The number of students who garnered admission to universities in the Seoul Metropolitan area surged to 33 this year from 12 in 2005. Gangjin High School saw some of its students enter Seoul National University for the past four straight years.
The typical agricultural area of Gangjin has a population of only 40,000. It stands 221st among the nation’s 230 administrative districts (including cities, counties and districts) in terms of its degree of financial independence. Poor education and related investments used to prompt residents to leave town. While the population had surpassed 130,000 between 1960 and 1970, it tumbled to the 40,000 range in early 2000.
Amid these conditions, Hwang Ju-hong, the county governor, made a resolution to revive the town through education. He established the scholarship foundation in April 2005 under the slogan, “Let’s prevent locals from leaving the town in search of a better education.”
Since then, up to 2 billion won was collected. Donations have become an everyday event for the residents, who range from farmers to civil servants, policemen to entrepreneurs and senior citizens.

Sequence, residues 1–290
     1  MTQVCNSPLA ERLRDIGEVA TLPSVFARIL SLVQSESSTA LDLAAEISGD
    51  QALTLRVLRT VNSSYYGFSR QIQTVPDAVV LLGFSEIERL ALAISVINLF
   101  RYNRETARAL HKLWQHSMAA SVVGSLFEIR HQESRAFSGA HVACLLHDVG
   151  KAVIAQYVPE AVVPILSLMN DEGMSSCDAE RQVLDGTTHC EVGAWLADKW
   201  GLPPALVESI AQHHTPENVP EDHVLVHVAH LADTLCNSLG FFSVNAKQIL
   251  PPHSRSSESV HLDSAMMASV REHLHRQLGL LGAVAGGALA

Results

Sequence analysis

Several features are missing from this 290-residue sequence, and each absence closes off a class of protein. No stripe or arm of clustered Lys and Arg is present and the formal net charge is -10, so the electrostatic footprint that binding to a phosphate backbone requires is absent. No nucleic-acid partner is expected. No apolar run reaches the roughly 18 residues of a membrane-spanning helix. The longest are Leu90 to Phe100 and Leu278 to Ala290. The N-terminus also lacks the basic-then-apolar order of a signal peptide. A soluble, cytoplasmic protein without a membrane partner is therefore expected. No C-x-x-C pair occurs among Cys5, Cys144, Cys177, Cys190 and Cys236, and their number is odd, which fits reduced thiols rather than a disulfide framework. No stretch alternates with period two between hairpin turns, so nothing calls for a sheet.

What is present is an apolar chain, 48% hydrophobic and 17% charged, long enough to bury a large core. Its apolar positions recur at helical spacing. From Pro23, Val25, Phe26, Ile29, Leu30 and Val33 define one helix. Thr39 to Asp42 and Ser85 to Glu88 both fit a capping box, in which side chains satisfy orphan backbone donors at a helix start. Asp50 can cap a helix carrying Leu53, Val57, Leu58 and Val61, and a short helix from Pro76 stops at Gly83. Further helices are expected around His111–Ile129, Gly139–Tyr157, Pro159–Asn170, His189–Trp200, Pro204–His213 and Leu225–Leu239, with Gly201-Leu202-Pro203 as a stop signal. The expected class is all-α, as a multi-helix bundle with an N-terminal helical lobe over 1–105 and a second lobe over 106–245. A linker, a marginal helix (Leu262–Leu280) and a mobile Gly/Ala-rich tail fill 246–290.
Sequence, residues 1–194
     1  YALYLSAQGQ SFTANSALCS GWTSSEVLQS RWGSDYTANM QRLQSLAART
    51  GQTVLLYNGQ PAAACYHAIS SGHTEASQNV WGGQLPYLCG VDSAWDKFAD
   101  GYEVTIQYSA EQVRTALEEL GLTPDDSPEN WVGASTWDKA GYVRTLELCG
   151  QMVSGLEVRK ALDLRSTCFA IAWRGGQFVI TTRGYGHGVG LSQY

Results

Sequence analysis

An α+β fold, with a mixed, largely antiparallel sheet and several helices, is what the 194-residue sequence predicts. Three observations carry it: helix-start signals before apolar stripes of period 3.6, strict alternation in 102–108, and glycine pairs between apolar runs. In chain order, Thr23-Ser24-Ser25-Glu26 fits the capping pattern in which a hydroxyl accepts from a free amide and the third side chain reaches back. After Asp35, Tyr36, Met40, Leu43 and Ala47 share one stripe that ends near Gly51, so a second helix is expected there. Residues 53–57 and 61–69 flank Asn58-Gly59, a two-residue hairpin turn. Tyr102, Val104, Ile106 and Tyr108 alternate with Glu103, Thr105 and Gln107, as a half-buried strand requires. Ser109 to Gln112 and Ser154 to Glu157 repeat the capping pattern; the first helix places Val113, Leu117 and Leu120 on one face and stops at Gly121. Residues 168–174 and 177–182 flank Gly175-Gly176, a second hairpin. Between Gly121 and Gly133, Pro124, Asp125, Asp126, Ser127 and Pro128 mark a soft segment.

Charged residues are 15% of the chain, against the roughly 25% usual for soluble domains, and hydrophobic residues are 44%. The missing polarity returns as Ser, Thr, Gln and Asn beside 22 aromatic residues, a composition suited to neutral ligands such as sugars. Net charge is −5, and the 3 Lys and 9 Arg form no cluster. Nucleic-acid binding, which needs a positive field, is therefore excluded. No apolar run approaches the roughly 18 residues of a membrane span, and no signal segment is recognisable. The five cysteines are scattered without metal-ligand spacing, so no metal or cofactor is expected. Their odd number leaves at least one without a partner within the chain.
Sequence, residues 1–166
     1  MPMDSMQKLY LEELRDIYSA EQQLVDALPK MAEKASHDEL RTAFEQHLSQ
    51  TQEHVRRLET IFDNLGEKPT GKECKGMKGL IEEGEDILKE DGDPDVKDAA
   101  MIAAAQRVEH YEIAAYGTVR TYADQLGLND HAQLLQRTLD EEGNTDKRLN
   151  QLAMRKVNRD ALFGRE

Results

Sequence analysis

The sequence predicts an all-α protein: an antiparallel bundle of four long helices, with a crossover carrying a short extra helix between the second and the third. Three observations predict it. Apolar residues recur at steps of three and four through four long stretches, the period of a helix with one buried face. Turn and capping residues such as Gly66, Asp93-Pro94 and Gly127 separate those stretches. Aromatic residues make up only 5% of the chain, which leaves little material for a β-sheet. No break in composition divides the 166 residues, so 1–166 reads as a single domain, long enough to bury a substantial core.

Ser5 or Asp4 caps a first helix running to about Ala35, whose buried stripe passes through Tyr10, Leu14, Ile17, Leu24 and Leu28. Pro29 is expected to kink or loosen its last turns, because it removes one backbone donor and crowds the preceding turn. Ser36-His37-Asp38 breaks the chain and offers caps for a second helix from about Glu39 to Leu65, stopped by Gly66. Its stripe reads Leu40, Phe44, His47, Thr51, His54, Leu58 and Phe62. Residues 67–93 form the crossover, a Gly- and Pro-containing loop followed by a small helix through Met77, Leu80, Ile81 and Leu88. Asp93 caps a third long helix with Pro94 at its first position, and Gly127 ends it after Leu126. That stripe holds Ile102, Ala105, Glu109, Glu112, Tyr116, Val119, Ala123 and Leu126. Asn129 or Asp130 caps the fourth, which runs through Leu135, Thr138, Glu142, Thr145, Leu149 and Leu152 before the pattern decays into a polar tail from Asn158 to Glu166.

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The foundation gives out a combined 2 billion won every year to elementary, middle and high schools in the town. Students who get accepted to prestigious universities or show excellent academic performance receive up to 4 million won each. Last winter, 30 third-year middle school students had the chance to study English in the United States and the Philippines thanks to the scholarship fund.
With the education revival, the rate of population reduction, which stood at 8.79 percent in 2002, has fallen to 0.45 percent this year.